Page images


The City of the Great King; or, Jerusalem, As it Was, As

it Is, and As it is To Be. By J. T. BARCLAY, M.D., Missionary to Jerusalem. Philadelphia. James Challen & Sons, and J. B. Lippincott & Co. 1858. pp. 627.

No higher evidence can be given of the intrinsic interest of this subject than the extraordinary success of the work before us, a volume of more than six hundred pages, on the topography of Jerusalem. It is emphatically the work of the season. With the exception of the Explorations of Dr. Kane, and the Travels of Dr. Livingstone, no recent issue from the press has commanded equal sale. Dr. Barclay has enjoyed peculiar advantages for the preparation of his work, during a residence of several years at Jerusalem. It has been his good fortune to enjoy a free access to the mosque of Omar and the entire Temple area, with the substratums beneath,-a privilege which has not been vouchsafed in an equal degree to any other Frank or Infidel for many centuries. These privileges and advantages he has improved with conscientious fidelity and tireless industry, pursuing his researches at once with the enthusiasm of an antiquary and of a Christian scholar.

Our author devotes about two-thirds of his work to an account of Jerusalem " as it was,” treating of the name of the city, its local features, hills, valleys, ravines, bridges, and surrounding villages, illustrated by map, chart, and model of the city and environs, which embody the result of not less than ten thousand observations, with a theodolite and other levelling instruments. In the spirit of a Christian scholar he suggests the various historical incidents and sacred associations with which each hill and valley and mountain-top is redolent to the intelligent observer, and repeatedly surprises us with the recovery of some locality long lost. The thanks of every biblical scholar are due to him for the restoration of the village of Bethphage, which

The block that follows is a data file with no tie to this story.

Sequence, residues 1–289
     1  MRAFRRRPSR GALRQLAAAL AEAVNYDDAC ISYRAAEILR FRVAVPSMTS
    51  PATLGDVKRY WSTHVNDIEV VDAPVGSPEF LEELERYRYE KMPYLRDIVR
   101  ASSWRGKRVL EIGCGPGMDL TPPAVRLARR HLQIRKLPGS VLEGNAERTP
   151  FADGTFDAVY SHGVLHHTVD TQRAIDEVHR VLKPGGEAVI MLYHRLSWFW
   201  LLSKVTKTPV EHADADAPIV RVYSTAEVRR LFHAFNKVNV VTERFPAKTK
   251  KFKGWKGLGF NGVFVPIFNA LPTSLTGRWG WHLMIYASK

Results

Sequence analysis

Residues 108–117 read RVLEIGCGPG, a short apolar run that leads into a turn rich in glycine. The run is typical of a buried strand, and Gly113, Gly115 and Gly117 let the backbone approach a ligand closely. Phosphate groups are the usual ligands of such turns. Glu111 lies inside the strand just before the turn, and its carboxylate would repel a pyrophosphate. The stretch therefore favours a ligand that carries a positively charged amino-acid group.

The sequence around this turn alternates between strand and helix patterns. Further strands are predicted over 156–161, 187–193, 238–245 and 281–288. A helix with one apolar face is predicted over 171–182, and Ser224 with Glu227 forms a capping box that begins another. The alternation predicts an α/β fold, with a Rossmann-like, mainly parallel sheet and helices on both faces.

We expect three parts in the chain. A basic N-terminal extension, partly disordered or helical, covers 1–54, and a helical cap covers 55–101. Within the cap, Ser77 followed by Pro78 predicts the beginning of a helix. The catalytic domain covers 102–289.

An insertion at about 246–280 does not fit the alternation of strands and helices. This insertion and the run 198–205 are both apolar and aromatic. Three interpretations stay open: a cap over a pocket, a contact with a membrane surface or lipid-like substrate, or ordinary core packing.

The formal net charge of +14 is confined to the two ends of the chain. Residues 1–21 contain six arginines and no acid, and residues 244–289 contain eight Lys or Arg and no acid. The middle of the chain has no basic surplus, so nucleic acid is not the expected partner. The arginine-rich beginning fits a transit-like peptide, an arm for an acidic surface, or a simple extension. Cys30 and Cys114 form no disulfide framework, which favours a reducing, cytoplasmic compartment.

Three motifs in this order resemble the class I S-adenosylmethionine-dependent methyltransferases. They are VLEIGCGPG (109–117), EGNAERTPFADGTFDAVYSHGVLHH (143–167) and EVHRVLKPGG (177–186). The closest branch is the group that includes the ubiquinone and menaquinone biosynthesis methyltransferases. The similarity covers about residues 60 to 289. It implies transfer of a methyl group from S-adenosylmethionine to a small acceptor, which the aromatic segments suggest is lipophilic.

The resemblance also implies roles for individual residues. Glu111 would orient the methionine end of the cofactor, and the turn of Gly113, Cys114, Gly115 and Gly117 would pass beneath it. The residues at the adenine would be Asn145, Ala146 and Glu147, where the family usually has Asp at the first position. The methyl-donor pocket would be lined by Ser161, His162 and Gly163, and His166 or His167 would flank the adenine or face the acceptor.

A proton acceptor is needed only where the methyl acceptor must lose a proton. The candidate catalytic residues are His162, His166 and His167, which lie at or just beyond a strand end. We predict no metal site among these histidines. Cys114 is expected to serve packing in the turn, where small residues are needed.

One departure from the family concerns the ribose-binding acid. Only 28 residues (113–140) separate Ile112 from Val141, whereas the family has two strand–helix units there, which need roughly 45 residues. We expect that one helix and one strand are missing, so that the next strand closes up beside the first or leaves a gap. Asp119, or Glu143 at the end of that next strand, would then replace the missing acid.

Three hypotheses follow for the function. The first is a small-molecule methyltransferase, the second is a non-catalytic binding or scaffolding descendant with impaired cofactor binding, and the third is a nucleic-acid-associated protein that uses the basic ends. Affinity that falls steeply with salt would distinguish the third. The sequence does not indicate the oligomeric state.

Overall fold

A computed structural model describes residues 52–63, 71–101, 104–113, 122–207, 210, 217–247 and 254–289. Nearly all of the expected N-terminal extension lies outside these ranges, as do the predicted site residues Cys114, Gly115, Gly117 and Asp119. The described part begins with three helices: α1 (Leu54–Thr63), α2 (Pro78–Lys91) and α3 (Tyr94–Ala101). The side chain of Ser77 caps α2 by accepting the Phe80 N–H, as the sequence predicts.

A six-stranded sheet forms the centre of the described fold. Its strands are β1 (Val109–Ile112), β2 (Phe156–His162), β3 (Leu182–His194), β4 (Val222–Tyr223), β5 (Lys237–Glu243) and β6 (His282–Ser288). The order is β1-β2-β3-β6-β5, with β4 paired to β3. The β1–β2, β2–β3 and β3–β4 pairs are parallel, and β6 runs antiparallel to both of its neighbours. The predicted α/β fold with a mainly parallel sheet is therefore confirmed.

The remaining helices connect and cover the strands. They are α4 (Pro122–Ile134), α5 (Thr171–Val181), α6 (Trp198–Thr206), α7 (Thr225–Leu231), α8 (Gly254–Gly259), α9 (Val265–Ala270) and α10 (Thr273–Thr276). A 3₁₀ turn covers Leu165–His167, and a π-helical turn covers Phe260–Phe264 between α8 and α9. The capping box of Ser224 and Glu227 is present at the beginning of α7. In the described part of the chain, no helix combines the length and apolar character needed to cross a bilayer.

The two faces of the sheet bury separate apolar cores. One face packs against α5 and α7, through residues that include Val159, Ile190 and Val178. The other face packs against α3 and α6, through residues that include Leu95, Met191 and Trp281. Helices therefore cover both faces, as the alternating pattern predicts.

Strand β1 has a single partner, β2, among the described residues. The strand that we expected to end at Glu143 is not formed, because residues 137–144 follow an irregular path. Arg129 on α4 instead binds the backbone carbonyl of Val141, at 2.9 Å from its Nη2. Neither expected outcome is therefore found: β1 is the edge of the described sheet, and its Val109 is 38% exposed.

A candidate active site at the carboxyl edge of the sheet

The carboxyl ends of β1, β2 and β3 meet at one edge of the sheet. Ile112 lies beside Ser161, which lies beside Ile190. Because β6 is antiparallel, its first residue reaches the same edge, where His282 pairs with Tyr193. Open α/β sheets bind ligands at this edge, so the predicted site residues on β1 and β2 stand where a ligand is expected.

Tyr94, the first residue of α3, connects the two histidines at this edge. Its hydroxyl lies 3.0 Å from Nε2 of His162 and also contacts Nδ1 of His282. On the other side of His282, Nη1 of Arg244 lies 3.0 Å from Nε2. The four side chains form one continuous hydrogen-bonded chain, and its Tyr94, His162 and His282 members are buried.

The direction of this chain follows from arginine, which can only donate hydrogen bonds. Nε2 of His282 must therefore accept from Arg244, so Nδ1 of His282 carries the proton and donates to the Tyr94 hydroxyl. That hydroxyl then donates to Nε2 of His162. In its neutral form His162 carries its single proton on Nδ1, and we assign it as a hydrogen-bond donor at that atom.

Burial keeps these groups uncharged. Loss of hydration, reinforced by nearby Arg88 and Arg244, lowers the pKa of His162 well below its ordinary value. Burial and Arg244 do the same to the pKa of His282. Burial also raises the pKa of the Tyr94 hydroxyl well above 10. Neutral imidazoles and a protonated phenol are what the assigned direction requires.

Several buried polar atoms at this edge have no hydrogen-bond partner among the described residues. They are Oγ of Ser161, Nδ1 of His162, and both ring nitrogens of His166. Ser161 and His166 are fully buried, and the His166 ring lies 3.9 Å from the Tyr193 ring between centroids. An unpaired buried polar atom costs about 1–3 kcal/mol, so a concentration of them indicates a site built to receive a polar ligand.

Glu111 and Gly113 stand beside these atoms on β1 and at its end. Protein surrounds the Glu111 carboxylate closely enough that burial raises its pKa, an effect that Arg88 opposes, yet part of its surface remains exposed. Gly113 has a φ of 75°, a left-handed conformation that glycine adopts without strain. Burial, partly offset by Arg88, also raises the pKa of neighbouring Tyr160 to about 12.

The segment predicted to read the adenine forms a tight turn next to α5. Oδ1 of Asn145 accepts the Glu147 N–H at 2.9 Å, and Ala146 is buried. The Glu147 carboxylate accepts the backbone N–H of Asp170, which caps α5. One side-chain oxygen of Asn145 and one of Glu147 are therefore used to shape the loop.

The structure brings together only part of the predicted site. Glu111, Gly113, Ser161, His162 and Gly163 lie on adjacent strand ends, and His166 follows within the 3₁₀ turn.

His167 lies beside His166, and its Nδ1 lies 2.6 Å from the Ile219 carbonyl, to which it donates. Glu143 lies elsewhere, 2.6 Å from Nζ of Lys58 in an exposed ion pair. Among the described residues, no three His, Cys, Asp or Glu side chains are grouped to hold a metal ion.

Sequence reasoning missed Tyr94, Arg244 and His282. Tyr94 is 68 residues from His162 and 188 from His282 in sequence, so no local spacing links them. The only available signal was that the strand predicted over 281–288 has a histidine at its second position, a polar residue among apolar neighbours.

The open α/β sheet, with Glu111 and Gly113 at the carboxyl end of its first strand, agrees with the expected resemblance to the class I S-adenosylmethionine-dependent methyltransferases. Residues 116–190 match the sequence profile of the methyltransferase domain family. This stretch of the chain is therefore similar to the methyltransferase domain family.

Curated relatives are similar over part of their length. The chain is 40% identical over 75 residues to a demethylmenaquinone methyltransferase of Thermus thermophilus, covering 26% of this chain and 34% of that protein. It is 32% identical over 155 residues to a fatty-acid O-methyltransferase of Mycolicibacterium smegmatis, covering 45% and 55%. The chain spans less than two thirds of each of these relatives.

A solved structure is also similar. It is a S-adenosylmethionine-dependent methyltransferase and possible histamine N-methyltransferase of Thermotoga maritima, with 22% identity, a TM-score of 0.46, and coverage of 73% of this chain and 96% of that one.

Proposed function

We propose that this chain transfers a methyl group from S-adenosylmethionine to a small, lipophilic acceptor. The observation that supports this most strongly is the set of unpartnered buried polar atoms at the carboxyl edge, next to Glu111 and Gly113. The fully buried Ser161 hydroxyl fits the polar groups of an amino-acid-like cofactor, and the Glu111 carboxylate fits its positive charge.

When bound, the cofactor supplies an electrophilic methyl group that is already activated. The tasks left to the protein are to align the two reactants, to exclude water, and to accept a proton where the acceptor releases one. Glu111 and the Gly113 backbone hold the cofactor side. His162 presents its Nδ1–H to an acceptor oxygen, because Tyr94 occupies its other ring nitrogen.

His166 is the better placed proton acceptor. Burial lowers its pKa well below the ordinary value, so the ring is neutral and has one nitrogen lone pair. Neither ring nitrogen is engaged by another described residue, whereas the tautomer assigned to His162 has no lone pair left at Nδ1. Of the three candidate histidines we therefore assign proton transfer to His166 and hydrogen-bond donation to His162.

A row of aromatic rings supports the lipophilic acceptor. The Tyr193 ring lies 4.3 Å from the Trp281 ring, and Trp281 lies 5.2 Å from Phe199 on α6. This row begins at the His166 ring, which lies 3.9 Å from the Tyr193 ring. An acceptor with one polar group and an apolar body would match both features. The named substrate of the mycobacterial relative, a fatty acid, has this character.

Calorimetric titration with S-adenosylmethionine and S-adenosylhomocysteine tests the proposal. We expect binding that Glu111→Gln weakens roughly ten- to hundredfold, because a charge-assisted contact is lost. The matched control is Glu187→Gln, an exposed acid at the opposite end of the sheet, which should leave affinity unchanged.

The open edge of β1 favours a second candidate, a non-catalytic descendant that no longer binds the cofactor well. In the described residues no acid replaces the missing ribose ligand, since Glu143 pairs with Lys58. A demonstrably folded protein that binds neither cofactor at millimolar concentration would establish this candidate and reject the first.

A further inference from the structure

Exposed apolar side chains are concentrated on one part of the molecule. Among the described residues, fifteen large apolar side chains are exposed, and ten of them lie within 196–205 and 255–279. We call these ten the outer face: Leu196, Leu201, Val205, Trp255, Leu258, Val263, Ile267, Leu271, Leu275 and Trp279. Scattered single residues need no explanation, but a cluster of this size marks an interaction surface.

quiet, 's

Mount Oliva

ty and of

deservedly has a name and a place among the localities rescued from the oblivion of ages. His conclusions win our full assent, and, on actual observation, are so obviously appropriate, that we are only surprised that the site has so long escaped the notice of travellers and investigators.

With equal confidence and satisfaction we accept also his specification, not perhaps altogether new and original, of the place of our Lord's ascension,-a quiet, secluded place, on the eastern slope of Mount Olivet, shut out from the view of the city and of Bethany, and yet near enough to both to answer all the conditions of the narrative. “It is not a little singular that a spot possessing so fully all the requisites indicated by the case, should never before have been regarded as the place of ascension. So satisfactorily demonstrable is the proposition, that I never feel better assured of occupying ground once trodden by the adorable Redeemer than when I am here.” We cordially sympathized with the author when, recently standing in that holy place, we gave ourselves up to the conviction that just there, in quiet seclusion from the jarring world which he was about to leave forever, our Lord, having led out his disciples, lifted up his hands and blessed them; and “while he blessed them he was parted from them and carried up into heaven."